Editorial: Another week in Struggle City

We’re a scrappy town. We’ve survived numerous economic upheavals, a ruinous bout of urban renewal, even being burned down by the British army. Still, we keep at it — maybe because there’s nobility in struggle, maybe because the only alternative to struggling is to pack up and quit. Quitting is not Kingston.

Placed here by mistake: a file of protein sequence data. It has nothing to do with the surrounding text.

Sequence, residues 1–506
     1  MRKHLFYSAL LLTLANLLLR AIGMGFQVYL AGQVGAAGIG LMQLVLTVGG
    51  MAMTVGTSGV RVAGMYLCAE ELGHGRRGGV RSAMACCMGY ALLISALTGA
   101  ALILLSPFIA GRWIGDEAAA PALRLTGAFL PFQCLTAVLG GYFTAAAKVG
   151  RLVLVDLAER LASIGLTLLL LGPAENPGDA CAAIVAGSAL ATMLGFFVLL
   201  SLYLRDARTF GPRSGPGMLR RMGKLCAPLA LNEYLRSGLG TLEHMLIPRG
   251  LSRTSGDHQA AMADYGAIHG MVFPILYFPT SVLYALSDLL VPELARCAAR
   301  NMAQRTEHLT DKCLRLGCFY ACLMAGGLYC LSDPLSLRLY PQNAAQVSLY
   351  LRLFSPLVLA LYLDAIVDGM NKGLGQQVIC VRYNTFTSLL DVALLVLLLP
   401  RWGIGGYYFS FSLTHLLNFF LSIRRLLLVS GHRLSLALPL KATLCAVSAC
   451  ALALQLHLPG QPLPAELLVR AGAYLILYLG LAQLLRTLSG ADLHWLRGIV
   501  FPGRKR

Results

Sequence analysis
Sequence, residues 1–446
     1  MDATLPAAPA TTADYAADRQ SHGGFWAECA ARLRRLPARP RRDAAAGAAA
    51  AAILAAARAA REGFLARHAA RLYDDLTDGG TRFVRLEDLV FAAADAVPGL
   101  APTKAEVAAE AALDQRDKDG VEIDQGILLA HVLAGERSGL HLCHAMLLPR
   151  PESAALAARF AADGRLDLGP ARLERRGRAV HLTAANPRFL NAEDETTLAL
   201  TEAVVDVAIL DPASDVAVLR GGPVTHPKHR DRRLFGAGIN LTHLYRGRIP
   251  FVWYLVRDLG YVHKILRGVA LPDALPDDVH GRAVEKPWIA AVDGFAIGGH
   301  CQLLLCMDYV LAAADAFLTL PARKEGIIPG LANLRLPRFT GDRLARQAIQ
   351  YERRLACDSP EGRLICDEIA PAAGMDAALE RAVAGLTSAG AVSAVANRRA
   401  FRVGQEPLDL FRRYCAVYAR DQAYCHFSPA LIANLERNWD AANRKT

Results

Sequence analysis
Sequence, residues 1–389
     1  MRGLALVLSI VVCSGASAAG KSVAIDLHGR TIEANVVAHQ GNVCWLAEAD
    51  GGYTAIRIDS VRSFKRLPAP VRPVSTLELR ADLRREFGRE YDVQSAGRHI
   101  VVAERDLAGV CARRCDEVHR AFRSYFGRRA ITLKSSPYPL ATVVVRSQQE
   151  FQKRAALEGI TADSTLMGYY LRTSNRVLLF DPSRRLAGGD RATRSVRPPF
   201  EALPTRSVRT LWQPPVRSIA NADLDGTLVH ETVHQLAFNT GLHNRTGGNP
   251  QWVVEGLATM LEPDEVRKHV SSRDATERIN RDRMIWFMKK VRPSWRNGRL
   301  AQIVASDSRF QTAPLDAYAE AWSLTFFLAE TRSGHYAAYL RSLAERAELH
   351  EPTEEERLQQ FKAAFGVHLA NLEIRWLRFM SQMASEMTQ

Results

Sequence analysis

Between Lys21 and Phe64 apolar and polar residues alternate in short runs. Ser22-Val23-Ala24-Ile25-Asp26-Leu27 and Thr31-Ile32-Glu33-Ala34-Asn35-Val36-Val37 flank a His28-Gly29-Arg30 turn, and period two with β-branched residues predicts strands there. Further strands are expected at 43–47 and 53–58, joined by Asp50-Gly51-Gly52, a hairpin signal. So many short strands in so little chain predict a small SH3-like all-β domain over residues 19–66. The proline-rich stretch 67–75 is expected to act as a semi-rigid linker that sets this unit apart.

That refusal to give up, to battle like Billy Costello did in the ring, is all over the city. It’s not easy living here sometimes. The taxes are high, the good jobs harder and harder to find, much less keep. When we work hard to make our properties look nice and our neighbor does not, it’s discouraging. When we see that our taxes are not spent with the same painstaking, agonizing caution that we have to take with our money, it’s discouraging. When we find out that maybe we will have to pay several hundred dollars a year more to, say, have our garbage picked up — and we know, that as sure as our credit card bill is in the mail that our taxes will not fall a corresponding amount — it’s discouraging. When we hear that due to what sure seems like braying idiocy or crass greed, we’re on the hook for thousands and thousands of dollars because somebody apparently wanted to make a few extra bucks on some copper pipes, apparently paying no heed to the fact that they were wrapped in asbestos, it’s discouraging, bordering on infuriating. Or if you’re one of the people who gets exposed to that asbestos because you needed to make some money but the guy paying you didn’t care enough to even give you a surgical mask as you exposed yourself, unknowingly, to dangerous toxins, it’s discouraging. Not to mention reminiscent of how people were treated on plantations or in the Soviet army during World War II. Or if you’re a business owner trying to make a go of it here in Struggle City and the street you’re on gets — without a peep in the way of advance notice — blocked off for two weeks for a project where you only see people actually working for three days so far, it’s discouraging.